Nanotechnology and Protein Engineering


Many active pharmaceutical ingredients (APIs) have a poor solubility in water, which limits their potential in clinics, especially for intraveneous (i.v.) administration. Drug discovery has led to an increasing number of new hydrophobic chemicals to the point where 90% of small molecules in discovery are considered poorly water-soluble, which is one of the main reasons why many new drug candidates do not reach the market. Moreover, commercially available formulations of hydrophobic APIs are composed of excipients and/or co-solvents to improve their solubility, but may lead to poor safety and tolerability. A good example is paclitaxel (PTX), one of the most widely used chemotherapeutic agents due to its potency against a variety of solid tumors including breast, ovarian, lung and head and neck cancers. The first PTX formulation approved in 1998 by the Food and Drug Administration (FDA) for parenteral administration, Taxol®, was composed of PTX in a co-solvent system comprising polyoxyethylated castor oil (Cremophor® EL) and absolute ethanol at a 50/50 v/v ratio. Although it allowed the dissolution of PTX at 6 mg.mL, this vehicle was responsible for severe side effects like hypersensitivity reactions. To avoid the use of a co-solvent, new PTX formulations have been developed and are in various stages of clinical trials: an albumin-bound PTX Abraxane®, a liposome Lipusu®, and polymeric nanoparticles (NPs) Cynviloq IG-001/Genexol-PM and NK105.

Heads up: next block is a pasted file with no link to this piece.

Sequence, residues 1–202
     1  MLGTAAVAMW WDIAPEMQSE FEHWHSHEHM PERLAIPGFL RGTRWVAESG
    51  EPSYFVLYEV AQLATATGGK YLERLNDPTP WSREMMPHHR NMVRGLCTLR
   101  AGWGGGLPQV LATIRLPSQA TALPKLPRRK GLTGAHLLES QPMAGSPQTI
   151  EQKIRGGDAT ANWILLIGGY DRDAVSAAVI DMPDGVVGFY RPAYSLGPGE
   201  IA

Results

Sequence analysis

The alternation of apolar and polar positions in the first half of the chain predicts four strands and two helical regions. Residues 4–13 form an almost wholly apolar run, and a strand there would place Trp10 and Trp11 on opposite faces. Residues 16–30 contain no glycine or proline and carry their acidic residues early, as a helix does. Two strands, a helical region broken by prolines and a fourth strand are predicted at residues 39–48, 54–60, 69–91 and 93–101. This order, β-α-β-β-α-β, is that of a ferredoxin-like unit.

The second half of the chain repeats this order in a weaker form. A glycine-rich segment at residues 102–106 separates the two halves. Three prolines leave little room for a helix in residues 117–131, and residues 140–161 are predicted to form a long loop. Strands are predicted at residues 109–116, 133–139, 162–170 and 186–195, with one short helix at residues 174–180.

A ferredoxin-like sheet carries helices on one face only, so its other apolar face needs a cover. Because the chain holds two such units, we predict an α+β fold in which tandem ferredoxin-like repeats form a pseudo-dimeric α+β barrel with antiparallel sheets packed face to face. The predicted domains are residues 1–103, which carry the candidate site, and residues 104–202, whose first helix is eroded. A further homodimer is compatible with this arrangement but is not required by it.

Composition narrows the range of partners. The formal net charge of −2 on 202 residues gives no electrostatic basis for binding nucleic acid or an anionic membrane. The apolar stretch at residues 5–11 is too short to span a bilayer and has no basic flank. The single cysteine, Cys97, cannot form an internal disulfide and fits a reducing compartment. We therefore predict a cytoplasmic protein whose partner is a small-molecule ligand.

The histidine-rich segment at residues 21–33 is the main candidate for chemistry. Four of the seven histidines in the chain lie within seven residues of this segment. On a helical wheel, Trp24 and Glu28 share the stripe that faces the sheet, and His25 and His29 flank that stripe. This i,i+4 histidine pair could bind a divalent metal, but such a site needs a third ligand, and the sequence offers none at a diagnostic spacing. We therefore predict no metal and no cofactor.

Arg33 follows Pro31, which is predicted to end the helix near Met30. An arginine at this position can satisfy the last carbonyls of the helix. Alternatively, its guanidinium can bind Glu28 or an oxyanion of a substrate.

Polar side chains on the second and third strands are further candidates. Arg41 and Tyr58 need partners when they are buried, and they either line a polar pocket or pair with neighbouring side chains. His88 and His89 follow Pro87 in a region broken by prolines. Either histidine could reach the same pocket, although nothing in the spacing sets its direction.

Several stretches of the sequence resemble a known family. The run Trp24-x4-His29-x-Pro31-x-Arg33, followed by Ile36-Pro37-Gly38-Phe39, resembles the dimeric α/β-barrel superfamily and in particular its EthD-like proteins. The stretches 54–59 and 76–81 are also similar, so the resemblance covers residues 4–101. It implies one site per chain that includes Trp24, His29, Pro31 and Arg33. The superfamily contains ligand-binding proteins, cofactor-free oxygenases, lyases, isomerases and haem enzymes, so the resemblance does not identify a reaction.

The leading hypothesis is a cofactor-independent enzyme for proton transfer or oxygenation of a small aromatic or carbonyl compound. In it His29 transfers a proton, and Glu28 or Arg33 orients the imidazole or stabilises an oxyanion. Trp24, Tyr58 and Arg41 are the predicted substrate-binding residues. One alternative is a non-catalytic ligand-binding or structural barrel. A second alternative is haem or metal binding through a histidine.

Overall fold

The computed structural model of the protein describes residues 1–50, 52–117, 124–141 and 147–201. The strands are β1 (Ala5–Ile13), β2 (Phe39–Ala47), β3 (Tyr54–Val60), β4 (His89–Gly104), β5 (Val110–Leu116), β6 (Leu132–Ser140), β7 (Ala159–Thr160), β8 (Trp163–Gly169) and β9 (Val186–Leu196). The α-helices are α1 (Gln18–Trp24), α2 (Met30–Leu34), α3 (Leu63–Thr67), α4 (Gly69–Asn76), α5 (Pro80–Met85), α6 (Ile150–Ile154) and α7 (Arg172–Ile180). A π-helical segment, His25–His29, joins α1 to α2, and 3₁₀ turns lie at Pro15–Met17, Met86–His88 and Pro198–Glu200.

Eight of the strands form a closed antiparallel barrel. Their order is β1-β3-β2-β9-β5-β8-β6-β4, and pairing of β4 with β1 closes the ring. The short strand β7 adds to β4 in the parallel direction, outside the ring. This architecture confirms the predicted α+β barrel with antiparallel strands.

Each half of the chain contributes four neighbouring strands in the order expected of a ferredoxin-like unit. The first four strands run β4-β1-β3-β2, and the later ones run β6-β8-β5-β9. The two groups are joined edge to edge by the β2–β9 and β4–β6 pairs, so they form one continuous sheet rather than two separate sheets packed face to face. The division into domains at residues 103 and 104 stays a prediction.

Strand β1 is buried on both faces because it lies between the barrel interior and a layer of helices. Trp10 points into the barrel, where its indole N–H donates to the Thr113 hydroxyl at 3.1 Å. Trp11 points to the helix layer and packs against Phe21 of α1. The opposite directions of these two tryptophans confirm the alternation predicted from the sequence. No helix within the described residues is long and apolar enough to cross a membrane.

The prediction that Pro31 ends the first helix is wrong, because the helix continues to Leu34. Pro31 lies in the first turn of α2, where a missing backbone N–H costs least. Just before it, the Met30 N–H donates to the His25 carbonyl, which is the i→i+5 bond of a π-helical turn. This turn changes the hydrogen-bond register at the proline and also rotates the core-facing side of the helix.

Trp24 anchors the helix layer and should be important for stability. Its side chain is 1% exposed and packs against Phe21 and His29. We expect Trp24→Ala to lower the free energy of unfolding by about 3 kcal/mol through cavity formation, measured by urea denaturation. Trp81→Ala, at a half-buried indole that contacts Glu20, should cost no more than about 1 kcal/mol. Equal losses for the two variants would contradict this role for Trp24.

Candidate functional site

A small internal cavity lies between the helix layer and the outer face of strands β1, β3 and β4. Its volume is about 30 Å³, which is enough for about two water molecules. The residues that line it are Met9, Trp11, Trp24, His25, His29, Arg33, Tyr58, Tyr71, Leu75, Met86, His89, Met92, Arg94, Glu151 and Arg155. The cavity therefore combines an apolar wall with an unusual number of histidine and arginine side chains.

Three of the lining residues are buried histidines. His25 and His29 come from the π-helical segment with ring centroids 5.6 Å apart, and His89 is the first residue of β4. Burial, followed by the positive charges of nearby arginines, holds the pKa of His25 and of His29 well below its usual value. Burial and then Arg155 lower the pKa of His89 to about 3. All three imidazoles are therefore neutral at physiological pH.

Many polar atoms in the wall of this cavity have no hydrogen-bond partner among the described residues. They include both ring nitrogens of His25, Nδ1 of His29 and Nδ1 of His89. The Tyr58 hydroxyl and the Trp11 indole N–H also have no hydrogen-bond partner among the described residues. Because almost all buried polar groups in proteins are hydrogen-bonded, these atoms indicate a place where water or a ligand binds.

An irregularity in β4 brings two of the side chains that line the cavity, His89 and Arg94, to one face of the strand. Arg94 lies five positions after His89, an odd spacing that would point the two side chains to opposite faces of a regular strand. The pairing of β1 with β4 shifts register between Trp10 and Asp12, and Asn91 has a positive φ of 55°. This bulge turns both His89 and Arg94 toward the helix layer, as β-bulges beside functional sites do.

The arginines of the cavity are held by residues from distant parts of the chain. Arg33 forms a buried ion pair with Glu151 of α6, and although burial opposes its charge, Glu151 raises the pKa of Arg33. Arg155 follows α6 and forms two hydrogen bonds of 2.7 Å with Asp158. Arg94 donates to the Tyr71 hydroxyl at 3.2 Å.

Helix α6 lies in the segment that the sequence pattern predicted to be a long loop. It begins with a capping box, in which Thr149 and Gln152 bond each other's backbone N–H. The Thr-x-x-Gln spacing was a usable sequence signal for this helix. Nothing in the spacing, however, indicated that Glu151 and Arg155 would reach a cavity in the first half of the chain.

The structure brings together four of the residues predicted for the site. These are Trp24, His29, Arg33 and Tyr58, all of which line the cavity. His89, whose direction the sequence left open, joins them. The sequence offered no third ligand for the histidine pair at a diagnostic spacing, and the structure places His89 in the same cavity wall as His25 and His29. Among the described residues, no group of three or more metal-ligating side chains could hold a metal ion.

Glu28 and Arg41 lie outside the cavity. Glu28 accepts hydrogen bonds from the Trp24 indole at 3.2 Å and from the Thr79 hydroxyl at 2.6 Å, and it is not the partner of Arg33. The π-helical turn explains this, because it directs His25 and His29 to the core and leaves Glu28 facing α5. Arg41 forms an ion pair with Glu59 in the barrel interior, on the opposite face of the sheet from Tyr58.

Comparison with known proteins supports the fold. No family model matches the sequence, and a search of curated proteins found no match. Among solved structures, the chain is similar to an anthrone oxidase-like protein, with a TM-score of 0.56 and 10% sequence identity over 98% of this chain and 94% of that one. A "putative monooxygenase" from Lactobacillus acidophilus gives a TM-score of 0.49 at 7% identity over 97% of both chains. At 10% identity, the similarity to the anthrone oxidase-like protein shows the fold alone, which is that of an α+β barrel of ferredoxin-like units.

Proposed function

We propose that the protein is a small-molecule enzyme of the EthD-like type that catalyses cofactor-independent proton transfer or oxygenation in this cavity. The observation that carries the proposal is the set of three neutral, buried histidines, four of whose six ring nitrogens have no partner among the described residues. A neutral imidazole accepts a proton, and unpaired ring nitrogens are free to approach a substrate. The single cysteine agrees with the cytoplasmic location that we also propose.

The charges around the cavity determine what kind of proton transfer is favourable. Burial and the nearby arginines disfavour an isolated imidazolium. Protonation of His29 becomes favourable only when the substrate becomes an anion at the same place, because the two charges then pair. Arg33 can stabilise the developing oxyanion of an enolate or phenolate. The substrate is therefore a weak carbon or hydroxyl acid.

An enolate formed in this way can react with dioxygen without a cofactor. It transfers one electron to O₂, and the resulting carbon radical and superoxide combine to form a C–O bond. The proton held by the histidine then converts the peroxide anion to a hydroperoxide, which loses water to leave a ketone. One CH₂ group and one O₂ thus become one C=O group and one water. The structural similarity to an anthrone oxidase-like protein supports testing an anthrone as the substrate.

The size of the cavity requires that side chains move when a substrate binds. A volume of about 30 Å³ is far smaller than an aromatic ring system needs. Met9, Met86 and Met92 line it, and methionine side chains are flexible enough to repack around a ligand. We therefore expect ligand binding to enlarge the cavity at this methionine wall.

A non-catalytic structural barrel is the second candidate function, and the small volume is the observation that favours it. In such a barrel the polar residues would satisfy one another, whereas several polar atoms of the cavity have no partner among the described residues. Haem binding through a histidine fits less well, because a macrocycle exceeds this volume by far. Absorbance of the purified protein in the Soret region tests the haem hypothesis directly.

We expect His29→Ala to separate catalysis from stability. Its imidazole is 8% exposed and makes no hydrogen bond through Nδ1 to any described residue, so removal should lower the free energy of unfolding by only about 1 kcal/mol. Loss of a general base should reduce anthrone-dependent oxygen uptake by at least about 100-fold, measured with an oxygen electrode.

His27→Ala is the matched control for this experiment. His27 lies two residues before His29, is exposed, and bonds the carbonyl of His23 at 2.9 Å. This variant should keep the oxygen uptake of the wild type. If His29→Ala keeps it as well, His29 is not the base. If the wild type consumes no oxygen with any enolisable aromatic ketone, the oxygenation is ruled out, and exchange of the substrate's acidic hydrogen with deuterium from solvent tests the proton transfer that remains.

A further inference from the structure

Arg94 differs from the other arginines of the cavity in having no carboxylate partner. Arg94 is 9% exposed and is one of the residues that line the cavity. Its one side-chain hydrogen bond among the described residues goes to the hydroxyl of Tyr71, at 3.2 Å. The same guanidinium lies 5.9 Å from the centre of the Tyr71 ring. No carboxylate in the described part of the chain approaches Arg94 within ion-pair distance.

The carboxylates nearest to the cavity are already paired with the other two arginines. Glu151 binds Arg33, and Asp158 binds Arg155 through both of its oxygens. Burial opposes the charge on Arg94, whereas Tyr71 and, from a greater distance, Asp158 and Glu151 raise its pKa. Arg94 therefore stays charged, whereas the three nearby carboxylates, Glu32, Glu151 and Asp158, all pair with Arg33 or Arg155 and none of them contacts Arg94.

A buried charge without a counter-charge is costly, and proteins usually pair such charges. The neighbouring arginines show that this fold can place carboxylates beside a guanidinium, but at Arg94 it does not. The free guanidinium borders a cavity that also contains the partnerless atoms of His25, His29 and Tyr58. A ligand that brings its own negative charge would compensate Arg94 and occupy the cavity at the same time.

Such nano-sized drug delivery systems (DDSs) allow the solubilization of the hydrophobic API in water, but also have various advantages such as preventing premature drug degradation, enhancing drug uptake into tumors by passive targeting, controlling the drug’s pharmacokinetic profile and thus improving its bioavailability. As DDSs, polymeric nanoparticles made from amphiphilic block copolymers have attracted increasing interest. Among them, poly(amino acid) (PAA)-based NPs have the advantage of being biocompatible and biodegradable. In the case of PTX, NK105 is an example among others of a polymeric formulation where PTX is loaded in poly(ethylene glycol)-b-poly(amino acid) (PEG-b-PAA) micelles. Even if poly(ethylene glycol) (PEG) is widely used as a hydrophilic block for its water-solubility and its stealthiness, it presents major drawbacks as it is not biodegradable and can trigger immunogenic responses. Polysarcosine (PSar) has recently demonstrated its potential as a PAA alternative to PEG since it has similar properties such as its hydrophilicity, stealthiness and low toxicity but has the advantage of being biodegradable as it is based on the endogeneous amino acid derivative sarcosine, N-methyl glycine. Notably, copolymers based on PSar-b-PAA have been investigated as excipients to develop new DDSs. Poly(γ-benzyl-L-glutamate) (PLGluOBn, pure L block) was found to be a suitable PAA hydrophobic block to load PTX, and is a well studied α-helical rod-like polymer to form DDSs. PSar-b-PLGluOBn copolymers with a PSar block of 200 or 400 repeat units were investigated for their capacity to load a hydrophobic adenylate cyclase inhibitor. For this study, we designed various polysarcosine-b-poly(γ-benzyl glutamate) (PSar-b-PGluOBn) copolymers of varying molar mass, hydrophilic fraction and PGluOBn block configuration (racemic, pure L or pure D), to investigate the impact on the self-assembly and PTX loading. The technical and cost constraints of industrial scale-up were also considered. For this purpose, copolymers with shorter molar masses than those of the prior art were designed to facilitate synthesis and yield less expensive products in the perspective of commercial applications. We report the synthesis and characterization of different PSar-b-PGluOBn copolymers as well as the formulation and characterization of PTX-loaded nanoparticles resulting from their self-assembly.